Austrian government drafts law to take over Hitler’s birthplace

Marcy Oster

Adolf Hitler in Munich in the spring of 1932. (Heinrich Hoffmann/Archive Photos/Getty Images)

Adolf Hitler in Munich in the spring of 1932 (Heinrich Hoffmann/Archive Photos/Getty Images)

(JTA) — The Austrian government has written a draft law that would transfer ownership of Adolf Hitler’s birthplace to the state.

The draft law, which was announced Tuesday by the country’s Interior Ministry, must be approved by the Parliament and should come before the legislative body sometime this year, according to reports.

The owner of the Braunau home has refused for the past several years to sell the property to the Austrian government, which is working to prevent the site in the German border town from becoming a shrine to the neo-Nazi community.

Gerlinde Pommer’s family has owned the house where Hitler was born on April 20, 1889, for more than a century. The town has tried for decades to purchase the building.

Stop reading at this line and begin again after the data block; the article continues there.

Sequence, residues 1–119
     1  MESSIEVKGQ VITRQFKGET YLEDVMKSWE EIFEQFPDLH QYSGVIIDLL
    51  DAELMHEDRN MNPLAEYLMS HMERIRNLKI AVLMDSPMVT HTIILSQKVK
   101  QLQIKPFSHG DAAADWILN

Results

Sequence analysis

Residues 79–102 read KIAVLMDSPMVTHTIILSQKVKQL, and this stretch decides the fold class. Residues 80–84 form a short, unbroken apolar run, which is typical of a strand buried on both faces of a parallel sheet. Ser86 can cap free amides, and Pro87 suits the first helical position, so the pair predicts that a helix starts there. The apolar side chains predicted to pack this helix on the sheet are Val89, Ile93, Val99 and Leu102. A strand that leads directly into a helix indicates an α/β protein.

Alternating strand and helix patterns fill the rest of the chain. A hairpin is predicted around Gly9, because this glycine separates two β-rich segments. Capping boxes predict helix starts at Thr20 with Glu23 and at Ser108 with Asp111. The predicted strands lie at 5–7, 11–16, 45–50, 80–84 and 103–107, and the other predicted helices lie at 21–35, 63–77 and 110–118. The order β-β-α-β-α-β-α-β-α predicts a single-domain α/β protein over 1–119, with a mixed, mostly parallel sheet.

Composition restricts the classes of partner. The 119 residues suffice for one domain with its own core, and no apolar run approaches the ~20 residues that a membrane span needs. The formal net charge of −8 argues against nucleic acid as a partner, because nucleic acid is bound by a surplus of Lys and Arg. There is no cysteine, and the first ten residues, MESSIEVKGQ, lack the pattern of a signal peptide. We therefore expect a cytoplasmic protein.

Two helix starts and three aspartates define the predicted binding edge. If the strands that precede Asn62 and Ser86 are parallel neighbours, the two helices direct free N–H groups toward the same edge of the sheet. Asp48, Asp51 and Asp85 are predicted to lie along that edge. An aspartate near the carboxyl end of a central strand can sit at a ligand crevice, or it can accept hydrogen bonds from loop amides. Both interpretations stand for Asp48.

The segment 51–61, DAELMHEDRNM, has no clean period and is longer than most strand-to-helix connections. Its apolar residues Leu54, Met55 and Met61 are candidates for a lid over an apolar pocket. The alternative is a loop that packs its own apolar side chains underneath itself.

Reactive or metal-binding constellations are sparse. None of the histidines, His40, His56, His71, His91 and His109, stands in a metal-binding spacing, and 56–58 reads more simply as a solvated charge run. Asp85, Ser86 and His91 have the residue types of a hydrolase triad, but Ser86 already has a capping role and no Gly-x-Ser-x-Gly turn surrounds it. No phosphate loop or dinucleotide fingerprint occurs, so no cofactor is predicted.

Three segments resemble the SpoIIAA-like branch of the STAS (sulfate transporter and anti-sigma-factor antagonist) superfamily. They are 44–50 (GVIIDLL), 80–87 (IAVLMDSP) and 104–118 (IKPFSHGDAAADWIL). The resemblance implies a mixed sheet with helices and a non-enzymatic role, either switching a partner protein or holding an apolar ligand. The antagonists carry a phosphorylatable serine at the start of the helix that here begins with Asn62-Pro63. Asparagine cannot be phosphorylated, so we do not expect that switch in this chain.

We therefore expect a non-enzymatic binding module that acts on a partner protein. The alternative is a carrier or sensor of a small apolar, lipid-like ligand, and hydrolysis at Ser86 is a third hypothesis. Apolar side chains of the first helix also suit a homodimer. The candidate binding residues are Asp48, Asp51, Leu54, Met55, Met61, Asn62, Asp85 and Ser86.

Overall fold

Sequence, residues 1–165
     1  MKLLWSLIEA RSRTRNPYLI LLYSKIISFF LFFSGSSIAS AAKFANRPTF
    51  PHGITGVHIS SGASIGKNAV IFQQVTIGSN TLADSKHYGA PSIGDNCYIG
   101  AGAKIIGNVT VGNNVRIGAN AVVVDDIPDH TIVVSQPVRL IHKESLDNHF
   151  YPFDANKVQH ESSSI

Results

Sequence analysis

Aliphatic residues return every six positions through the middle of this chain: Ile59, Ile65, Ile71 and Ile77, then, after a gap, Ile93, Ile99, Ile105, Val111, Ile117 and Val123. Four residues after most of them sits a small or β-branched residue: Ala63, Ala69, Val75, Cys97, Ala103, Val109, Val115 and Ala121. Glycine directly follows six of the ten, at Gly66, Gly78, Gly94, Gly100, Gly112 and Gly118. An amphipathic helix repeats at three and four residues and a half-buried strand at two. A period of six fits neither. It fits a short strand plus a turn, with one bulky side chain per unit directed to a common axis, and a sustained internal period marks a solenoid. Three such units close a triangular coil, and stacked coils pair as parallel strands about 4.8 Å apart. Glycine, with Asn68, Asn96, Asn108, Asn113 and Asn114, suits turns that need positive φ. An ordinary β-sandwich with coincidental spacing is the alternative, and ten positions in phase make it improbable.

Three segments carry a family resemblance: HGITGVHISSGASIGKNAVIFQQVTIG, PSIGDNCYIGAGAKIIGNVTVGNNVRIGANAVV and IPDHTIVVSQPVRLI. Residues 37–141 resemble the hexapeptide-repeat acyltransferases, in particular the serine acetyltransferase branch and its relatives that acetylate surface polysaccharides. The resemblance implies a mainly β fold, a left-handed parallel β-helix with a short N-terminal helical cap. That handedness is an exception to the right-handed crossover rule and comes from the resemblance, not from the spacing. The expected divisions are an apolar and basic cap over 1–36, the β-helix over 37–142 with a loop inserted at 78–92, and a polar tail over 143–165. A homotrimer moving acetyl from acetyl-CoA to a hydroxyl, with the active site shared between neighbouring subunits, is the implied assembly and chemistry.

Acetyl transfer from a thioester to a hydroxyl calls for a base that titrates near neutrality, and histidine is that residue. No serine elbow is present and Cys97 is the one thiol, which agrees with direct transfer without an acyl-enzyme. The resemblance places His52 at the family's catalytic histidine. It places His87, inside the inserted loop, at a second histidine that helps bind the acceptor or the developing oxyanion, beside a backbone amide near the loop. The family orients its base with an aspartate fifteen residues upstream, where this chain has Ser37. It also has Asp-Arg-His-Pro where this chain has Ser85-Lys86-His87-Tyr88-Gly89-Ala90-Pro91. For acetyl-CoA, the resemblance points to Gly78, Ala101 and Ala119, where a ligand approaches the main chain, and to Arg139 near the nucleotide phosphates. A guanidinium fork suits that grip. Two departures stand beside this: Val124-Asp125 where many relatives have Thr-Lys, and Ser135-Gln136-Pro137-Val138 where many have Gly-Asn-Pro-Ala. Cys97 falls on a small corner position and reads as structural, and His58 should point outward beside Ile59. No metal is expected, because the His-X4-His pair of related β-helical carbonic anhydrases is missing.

The ministry had rented the home for decades and sublet it to charitable organizations. The house, which draws neo-Nazi visitors, especially on the anniversary of Hitler’s birth, has stood empty for more than five years after the owner refused to authorize needed renovations.

The building is listed as a historical landmark and cannot be razed. Hitler’s name does not appear anywhere near the home.

A stone outside the home is inscribed with the words “Never again Fascism. In memory of millions of dead. For Peace, Freedom and Democracy.”

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